Single Moms Left Behind by Parental Leave Laws

CDC photo by Lauren Bishop

by Deborah Widiss

As the public health crisis has unfolded, pregnant women have been forced to work without proper protective gear, with some choosing to quit rather than risk exposure to the coronavirus and contracting COVID-19. Many others will be among the 30 million American workers who have become unemployed without having any say about it. And some of those who are still working will reasonably fear any missed days could mean they’ll soon be laid off.

The good news is that a growing number of states, including New York, New Jersey and California, have passed family leave laws that can help. Parents in these states who have been regularly working can get benefits for a short time while caring for newborns or recently adopted children.

The laws address a major gap in American workplace policy. The United States is the only developed country that fails to guarantee paid parental leave to all workers.

Having studied parental leave laws around the world, I believe the new U.S. laws are a crucial step forward. But I think they treat single parents, most of whom are women, unfairly.

Promoting gender equality

Nearly all developed countries guarantee mothers at least three months paid maternity leave, while fathers often receive a much shorter paternity leave. Some countries supplement this sex-specific structure by offering families an additional period of shared parental leave, which is also typically used by mothers.

The U.S. model is very different.

The state leave laws, and a similar policy that will soon cover most federal workers, provide each parent an equal and individual right to take paid time off without having to worry about losing their jobs.

For example, in New York state, moms are currently eligible for up to 10 weeks of partial wage replacement, and so are dads. Both members of a same-sex couple can qualify, so long as each is legally recognized as a parent.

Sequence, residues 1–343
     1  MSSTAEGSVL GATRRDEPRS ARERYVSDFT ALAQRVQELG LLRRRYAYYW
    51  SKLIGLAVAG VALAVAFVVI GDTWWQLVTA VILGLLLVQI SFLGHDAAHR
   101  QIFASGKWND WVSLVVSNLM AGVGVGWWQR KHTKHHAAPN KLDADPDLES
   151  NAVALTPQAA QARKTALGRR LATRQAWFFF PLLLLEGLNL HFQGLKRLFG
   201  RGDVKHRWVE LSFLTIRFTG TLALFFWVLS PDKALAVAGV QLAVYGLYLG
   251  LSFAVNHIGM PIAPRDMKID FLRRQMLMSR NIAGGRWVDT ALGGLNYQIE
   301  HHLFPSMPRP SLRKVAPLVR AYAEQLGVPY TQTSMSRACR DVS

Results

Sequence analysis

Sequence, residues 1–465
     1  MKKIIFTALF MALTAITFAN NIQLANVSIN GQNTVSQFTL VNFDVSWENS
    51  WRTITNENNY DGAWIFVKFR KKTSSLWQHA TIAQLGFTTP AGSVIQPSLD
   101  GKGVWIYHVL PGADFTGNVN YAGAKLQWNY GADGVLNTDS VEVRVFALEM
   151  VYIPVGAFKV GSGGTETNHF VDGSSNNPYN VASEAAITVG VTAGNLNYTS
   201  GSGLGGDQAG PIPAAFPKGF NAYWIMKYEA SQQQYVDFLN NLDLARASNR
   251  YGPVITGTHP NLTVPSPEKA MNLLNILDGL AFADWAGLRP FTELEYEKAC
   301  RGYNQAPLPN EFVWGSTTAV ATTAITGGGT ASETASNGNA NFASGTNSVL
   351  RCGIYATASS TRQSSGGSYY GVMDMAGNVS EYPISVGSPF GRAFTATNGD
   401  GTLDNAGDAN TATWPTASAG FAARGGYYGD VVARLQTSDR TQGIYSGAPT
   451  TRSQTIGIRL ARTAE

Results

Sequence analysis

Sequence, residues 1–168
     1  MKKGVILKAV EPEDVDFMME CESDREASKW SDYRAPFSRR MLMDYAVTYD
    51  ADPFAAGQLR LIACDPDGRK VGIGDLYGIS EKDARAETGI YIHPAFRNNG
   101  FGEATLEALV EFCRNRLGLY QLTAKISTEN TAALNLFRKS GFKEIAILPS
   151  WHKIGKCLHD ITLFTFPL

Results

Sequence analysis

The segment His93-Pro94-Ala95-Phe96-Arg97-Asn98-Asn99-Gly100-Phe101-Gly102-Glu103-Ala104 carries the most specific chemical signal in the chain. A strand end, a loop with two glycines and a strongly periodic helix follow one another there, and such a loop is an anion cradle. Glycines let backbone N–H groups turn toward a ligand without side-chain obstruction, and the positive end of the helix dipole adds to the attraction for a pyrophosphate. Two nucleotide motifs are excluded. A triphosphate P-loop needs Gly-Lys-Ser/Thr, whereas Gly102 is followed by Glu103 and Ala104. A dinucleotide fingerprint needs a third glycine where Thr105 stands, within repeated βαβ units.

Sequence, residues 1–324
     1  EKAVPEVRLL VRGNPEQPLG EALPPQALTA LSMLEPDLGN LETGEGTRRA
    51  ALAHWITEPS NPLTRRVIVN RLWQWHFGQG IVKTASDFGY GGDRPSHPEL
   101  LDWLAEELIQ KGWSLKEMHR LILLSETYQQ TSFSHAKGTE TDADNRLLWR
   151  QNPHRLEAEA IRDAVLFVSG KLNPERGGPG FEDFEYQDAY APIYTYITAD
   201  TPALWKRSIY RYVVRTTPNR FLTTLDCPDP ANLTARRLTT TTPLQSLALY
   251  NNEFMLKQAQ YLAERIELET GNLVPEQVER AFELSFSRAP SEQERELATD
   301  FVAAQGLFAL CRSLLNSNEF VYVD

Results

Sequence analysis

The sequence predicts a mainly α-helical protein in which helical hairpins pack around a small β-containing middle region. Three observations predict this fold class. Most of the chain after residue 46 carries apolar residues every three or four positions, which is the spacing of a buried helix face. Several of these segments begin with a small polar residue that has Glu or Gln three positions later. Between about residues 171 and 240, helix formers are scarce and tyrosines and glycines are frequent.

This structure is designed to encourage fathers to take time off. Early evidence suggests it works. In California and Rhode Island, men account for almost 40% of parental leave claims. This rate is far above the average for industrialized countries of 18%, and very close to that of international leaders.

Studies of men who take parental leave suggest that those dads will be more engaged parents months, or even years, later. Having more men take leave can also promote equality at work and at home.

I agree it’s essential to encourage men to do their fair share of child care. The crisis highlights longstanding gender inequities, with moms being far more likely than dads to put work aside to meet the needs of their children who are suddenly at home full-time.

Half as much

The U.S. structure, however, disadvantages single-parent families, as they can claim only half as much time off as two-parent families. This is a significant problem because about 40% of U.S. births are to unmarried parents.

There are large disparities on the basis of race and ethnicity, education and income. In short, unmarried parents are particularly likely to be vulnerable workers, at heightened risk of losing their jobs during the pandemic.

Where unmarried parents are living together, or otherwise both involved in child care, it makes sense that each should be able to take parental leave. But many single parents, disproportionately women, raise children on their own, even from birth.

An alternative model

Other countries that set aside parental leave time for each parent address this issue by having special rules that apply to parents with sole custody. For example, in Iceland, mothers and fathers each get three months of leave, and either parent can use an additional three months. Single parents, however, can use the full nine months that a couple would be able to take.

As I will propose in a forthcoming paper, U.S. laws could be made more fair by allowing single parents to receive as many weeks of benefits as two-parent families. Or the laws could be changed to allow a single parent to share benefits with a different family member, such as a grandmother, who could help with care. Because the cost of providing benefits is spread through the tax system, this approach would provide much-needed support for single parents without placing an extra burden on individual employers.

Without a change like this, the nation’s approach to parental leave will continue to provide less help to the families who are likely to need it the most.

Deborah Widiss is an associate dean for research and faculty affairs; a professor of law, and Ira C. Batman Faculty Fellow at Indiana University

This article is republished from The Conversation under a Creative Commons license. Read the original article. An earlier version of this article was published on Jan. 14, 2020.

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